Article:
A former co-worker of mine put headsets on and a sign on the back of his cubicle chair that said 'Working. Please Don't Interrupt." (He was eventually let go, but I'm sure that had nothing to do with it.) We can be seriously distracted throughout the day by interruptions. Even if you appreciate your relationships with your coworkers, losing track of time due to conversations, informal meetings, or topic discussions might impede your workflow and lower your productivity as a whole. To reduce the number of interruptions you experience throughout the day, think about employing certain tactics.


To assist reduce the sounds of office discussion and interaction, you could decide to work with your office door closed for some of the day or, if you work in an open-office setting, you could use noise-canceling headphones. Using headphones can also be a considerate, silent approach to inform your coworkers that you need to focus on the tasks at hand.


7. Eat A Frog

There’s a popular book called Eat That Frog!: 21 Great Ways to Stop Procrastinating and Get More Done in Less (by Brian Tracy) which recommends that you complete (eat) your least favorite task (that frog) first thing each day. I assume he's not talking about fried frog legs, because those don't taste half bad, actually.


It may actually be easier for you to stay focused if you work on your biggest and most time-consuming activities first rather than smaller and quicker ones. If you want to devote your time to these duties in the morning when you first arrive at work or at a time of day when you are the most awake and motivated, consider organizing your assignment list according to these tasks.


8. Time Block

You can boost your productivity by using time blocks in your plan. You would use this method to give each task you work on a time constraint. Consider one-hour time chunks. You might decide to print out your schedule and mark the times when you want your time blocks to be present. Thus, mark on your printed schedule that you are allotting 60-90 minutes to work on a certain assignment. Once that period of time is gone, block out another similar portion of your schedule.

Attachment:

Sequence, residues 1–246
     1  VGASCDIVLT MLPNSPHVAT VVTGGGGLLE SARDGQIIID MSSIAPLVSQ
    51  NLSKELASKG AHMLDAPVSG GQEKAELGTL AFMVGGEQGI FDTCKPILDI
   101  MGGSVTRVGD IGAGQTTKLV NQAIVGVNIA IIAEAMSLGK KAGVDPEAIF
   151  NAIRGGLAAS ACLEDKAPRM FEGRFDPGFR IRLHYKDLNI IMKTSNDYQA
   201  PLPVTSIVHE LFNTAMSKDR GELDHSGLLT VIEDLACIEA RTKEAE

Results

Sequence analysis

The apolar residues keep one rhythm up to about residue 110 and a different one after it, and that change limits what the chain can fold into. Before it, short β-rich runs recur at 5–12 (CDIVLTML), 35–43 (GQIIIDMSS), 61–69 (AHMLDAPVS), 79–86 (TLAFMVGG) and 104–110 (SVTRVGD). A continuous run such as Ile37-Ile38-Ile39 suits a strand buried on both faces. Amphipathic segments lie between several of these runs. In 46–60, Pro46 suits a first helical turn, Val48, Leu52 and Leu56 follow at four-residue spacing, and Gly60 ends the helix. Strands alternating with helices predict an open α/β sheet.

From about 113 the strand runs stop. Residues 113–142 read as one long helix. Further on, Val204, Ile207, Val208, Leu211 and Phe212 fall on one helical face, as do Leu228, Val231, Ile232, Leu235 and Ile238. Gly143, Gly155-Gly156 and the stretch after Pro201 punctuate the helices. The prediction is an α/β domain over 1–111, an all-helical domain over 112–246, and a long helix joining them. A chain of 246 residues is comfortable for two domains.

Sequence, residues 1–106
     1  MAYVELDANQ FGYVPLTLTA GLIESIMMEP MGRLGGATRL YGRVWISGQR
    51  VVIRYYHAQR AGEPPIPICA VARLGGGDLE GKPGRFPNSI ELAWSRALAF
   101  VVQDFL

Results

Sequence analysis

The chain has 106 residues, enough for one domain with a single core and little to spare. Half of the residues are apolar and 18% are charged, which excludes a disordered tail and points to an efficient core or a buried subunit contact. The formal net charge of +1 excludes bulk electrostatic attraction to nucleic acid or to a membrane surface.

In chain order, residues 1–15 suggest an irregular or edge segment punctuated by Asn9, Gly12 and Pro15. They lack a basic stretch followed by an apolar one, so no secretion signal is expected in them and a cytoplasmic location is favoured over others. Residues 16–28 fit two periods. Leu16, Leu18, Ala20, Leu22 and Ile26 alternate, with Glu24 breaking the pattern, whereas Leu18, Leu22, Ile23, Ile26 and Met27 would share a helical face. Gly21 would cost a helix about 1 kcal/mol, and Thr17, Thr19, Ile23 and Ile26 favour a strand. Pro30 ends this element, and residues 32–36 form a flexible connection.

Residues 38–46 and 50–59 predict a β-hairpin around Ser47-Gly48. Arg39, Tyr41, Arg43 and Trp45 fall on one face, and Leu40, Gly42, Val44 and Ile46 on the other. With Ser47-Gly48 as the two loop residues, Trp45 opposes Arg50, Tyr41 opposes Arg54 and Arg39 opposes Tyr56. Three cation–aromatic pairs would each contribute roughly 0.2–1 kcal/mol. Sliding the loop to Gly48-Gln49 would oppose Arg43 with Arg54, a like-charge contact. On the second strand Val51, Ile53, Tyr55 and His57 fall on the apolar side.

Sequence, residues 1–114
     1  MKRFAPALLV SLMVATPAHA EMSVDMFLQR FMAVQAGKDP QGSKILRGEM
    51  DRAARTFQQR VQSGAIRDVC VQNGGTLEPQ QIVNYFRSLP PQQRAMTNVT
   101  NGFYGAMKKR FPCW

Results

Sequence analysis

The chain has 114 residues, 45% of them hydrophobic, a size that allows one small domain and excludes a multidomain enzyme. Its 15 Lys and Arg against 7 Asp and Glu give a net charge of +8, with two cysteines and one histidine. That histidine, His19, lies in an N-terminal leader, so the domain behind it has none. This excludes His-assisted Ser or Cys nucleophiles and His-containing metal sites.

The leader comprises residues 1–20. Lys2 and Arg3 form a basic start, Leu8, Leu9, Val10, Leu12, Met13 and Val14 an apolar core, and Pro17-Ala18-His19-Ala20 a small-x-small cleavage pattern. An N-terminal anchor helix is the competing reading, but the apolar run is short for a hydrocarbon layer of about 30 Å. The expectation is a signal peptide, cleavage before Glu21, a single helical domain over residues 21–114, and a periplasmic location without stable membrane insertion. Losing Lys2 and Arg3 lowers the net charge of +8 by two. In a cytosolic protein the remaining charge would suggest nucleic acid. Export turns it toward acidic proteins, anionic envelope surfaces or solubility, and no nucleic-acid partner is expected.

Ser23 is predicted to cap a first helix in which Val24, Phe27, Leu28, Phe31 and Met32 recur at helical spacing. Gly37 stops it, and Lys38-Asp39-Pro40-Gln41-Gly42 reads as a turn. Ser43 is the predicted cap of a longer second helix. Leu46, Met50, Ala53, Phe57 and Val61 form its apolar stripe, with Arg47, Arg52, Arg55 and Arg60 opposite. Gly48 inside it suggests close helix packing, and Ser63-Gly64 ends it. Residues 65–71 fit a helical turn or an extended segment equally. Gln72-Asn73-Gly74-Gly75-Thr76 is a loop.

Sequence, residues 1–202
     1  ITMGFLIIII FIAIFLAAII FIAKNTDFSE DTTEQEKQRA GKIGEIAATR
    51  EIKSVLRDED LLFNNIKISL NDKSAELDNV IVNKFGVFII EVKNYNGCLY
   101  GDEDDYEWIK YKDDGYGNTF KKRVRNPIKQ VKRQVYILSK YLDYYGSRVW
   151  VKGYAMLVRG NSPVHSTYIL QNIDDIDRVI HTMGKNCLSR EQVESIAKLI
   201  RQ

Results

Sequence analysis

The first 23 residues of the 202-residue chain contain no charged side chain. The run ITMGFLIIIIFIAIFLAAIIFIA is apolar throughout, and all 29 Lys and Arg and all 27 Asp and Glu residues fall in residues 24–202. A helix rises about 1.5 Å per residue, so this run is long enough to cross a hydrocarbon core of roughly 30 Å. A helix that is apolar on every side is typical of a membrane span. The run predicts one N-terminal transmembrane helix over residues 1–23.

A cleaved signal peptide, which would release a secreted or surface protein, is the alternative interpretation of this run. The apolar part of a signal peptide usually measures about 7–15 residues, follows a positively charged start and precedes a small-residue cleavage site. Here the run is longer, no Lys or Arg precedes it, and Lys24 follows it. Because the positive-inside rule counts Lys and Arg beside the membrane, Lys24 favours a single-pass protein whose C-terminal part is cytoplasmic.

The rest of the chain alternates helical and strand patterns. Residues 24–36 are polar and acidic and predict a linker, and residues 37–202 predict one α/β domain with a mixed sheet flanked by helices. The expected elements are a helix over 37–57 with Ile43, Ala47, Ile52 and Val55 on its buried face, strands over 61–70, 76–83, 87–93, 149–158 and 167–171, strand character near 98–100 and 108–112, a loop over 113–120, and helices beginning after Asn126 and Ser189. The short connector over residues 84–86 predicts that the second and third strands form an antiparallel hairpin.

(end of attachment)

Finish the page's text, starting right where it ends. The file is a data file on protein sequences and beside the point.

By using time blocking, you can make a visual plan to track the durations of the tasks you work on. Similar to that, it allows you to focus solely on one activity for each block of time, increasing the likelihood that you will finish it by the deadline you set. You can schedule your breaks in between each task block in addition to your working hours so you can take a break when you finish one thing and begin another.


9. Pomodoro Technique

Your ability to manage your time effectively can have a big impact on how productive you are at work, and the Pomodoro method is one tactic you could find useful. The Pomodoro approach uses a timer and is similar to scheduled breaks in that you commit to a job for 20 minutes (though you can extend this to 30 minutes), work on it until the timer goes off, and then take a five-minute break. This method can be efficient because it gives you more uninterrupted time for focused work and a way to take a short break from the task before finishing it.


10. Delegate

Doctors do it. Soldiers do it. Even the birds and the bees do it.


And lawyers, and general contractors, and CEOs too. To distribute responsibilities among your team members, take into account employing delegation techniques. For instance, if you have a long list of activities to perform, think about delegating some of them to others if they can be finished without your involvement.


While the rest of the team is focusing on the activities that might otherwise divert time or resources from other, more crucial initiatives, you can work on other assignments that may have been particularly given to you alone by delegating tasks. Consider delegating a task to a coworker who can respond to emails with the same level of care and precision as you, for instance, while you focus on important assignments that no one else can (or is allowed to) finish. I'm not sure if you can delegate that frog thing, though.




Did you make it this far? Excellent - now go be great!

You may find that not all of these tips work for you, but even a few will step up your productivity a notch or two. You can be sure that as you continue to learn and advance your abilities, your productivity will increase. At the end of the day, even the smallest improvements to your output will boost your confidence and self-esteem as well – bonus!